Today (10 Dec 2020) was a big day for OpenSolver, as we rolled past the 500,000 downloads count. Many thanks to all our Engineering Science (University of Auckland) students who have worked on this over the last decade, with a really large thank you to Jack Dunn for his major contributions over many years (including creating the Mac version). The community feedback is also much appreciated – thanks for letting us know of issues and suggesting enhancements. Cheers, Andrew
ResearchGate let me know today that OpenSolver is being used to help allocate mental health personnel in the US Navy.
Most of our OpenSolver users choose the standard integer programming solver, CBC (which is the default option). COIN-OR, the non-profit who support and develop CBC, have just announced a new support forum for CBC users. (This is a beta test of the new GitHub discussion forums being developed.) This is the best place for advanced users to take technical questions, such as queries about CBC parameters (which OpenSolver supports). Andrew
We have now released OpenSolver 2.9.3 for beta testing! You can download this new version of OpenSolver on https://sourceforge.net/projects/opensolver/files/. Below are the release notes that cover the changes made in this new version of OpenSolver:
v2.9.3 – 2020/03/02
- Added support for using Gurobi 9.0
- Added a temp fix for running consecutive operations on Excel64bit
- Add support for NEOS CPLEX as a new solver.
- Add import LP file feature.
- Add Examples files and submenu.
- Fix memory error when solving consecutive non-linear models in 64bit.
As always, we welcome any feedback! Please comment below if it works ok, or if there are any issues encountered, or if you have any questions regarding the new release. Thanks!
12 Feb 2020: It was raised to us that OpenSolver for GoogleSheets is still unaccessible to new users. We are now able to replicate this bug. From our tests, new user accounts are able to install OpenSolver for Google Sheets as an Add-on from Chrome Web Store. However, the “Sign in with Google is temporarily disabled for this app” screen will still show up when trying to open the sidebar from the ribbon. We are very sorry for the inconvenience and we have contacted Google regarding this issue. We need to wait for Google’s response on this, therefore we are unsure of when this problem will be fixed.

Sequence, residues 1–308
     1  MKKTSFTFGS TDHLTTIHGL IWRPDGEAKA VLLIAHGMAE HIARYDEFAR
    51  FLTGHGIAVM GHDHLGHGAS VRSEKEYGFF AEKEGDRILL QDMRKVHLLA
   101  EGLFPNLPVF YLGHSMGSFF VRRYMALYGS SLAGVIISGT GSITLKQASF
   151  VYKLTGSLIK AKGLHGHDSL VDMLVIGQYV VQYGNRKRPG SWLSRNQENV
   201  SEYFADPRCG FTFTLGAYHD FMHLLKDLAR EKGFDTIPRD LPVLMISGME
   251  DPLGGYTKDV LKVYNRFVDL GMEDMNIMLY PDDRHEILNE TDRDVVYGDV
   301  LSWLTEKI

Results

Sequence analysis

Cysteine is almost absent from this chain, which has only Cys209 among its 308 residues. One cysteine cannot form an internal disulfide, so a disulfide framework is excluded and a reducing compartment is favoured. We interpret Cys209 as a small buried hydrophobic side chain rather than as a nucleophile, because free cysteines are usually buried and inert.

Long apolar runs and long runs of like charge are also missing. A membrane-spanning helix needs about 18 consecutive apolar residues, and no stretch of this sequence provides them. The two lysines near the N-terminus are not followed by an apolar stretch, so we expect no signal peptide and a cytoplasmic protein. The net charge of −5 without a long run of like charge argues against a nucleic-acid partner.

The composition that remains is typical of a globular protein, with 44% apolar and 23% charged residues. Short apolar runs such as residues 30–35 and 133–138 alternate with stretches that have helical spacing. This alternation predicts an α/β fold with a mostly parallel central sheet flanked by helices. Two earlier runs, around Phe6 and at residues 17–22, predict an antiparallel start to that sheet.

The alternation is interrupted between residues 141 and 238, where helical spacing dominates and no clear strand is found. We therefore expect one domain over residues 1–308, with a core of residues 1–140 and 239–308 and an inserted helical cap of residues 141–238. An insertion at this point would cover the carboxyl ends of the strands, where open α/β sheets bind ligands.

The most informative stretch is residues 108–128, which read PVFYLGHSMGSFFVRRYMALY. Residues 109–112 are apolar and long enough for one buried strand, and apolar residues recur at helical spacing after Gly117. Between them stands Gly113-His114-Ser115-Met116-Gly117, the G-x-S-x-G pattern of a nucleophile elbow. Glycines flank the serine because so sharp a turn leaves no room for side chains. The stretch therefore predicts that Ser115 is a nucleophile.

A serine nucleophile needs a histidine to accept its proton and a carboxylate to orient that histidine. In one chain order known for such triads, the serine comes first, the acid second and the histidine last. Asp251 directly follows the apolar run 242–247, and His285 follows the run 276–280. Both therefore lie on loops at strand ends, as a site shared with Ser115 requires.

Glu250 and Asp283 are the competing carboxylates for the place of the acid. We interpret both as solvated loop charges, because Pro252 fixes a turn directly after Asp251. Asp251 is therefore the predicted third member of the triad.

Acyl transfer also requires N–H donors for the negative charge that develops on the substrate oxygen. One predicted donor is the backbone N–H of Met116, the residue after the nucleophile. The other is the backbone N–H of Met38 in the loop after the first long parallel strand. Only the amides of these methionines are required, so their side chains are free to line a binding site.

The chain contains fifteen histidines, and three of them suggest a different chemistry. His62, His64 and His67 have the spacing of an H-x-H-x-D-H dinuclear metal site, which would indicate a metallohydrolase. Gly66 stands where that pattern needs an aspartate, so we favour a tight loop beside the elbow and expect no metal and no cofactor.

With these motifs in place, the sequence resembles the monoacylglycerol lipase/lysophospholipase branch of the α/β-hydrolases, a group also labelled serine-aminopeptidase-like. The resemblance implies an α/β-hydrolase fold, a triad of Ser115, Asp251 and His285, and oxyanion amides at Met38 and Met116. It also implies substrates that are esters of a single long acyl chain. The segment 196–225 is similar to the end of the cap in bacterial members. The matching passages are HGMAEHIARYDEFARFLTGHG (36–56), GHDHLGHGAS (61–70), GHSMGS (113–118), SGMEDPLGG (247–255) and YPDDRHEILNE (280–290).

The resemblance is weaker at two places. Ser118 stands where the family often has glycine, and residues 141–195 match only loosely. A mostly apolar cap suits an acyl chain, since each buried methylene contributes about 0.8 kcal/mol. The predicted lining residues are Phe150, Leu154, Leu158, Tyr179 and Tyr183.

Original post: Changes made by Google mean that OpenSolver for Googlesheets is currently not working for new users who want to add it to their Googlesheets. (Apparently the first 100 users each month can sign in, but then further sign ins are blocked by Google.) We are working on fixing this, But we don’t know how long it will take, sorry. We suggest you use OpenSolver for Excel until we get it working properly for Googlesheets.
Sorry for the inconvenience.
Google has a nice article here, that includes a recommendation to use OpenSolver. Enjoy!
We justc ame across an interesting article using OpenSolver to help develop optimal policies for conservation.
Commonalities in stream connectivity restoration alternatives: an attempt to simplify barrier removal optimization
OpenSolver reached another download milestone this month. If my car had reached 300,000 on the dial, I’d be looking at getting a new one. Fortunately, OpenSolver gets better with age.
Thank to all our users for their support.
There’s a great overview of software available for optimisation in Optima (volume 103, 2017), the Mathematical Optimization Society Newsletter.
Today the download odometer rolled past another milestone:
Thanks to all our users and our development team (and most recently Jack Dunn) for supporting OpenSolver for the last 6 years. None of this would have been possible without the solvers from COIN-OR; thanks to John Forrest and Ted Ralphs for the many years of CBC development, without which the OpenSolver project would never have started.
This blog by Derek Nelson shows how he built an OpenSolver model for fantasy football that worked well for him. “My optimizer was created using Excel with the Open Solver add-in. This worked for me and the results were good. Namely, I had the highest projected points for my teams at the start of the season in both leagues I played in (the best you can hope for in the draft, in my opinion), and I ended the season by winning one league and placing second in the other.”
Derek has now gone on to create a cloud-based version of this. This work is an interesting optimisation-based project.
As this video shows, yes, OpenSolver can solve Sudoku…
A nice article here by Jangho Lee, Seoul National University, on a Statistical Approach for Clustering Member of Congress in South Korea. Jangho used Python, Excel and Gephi for visualizing.
Image from http://jangholee.org/?p=57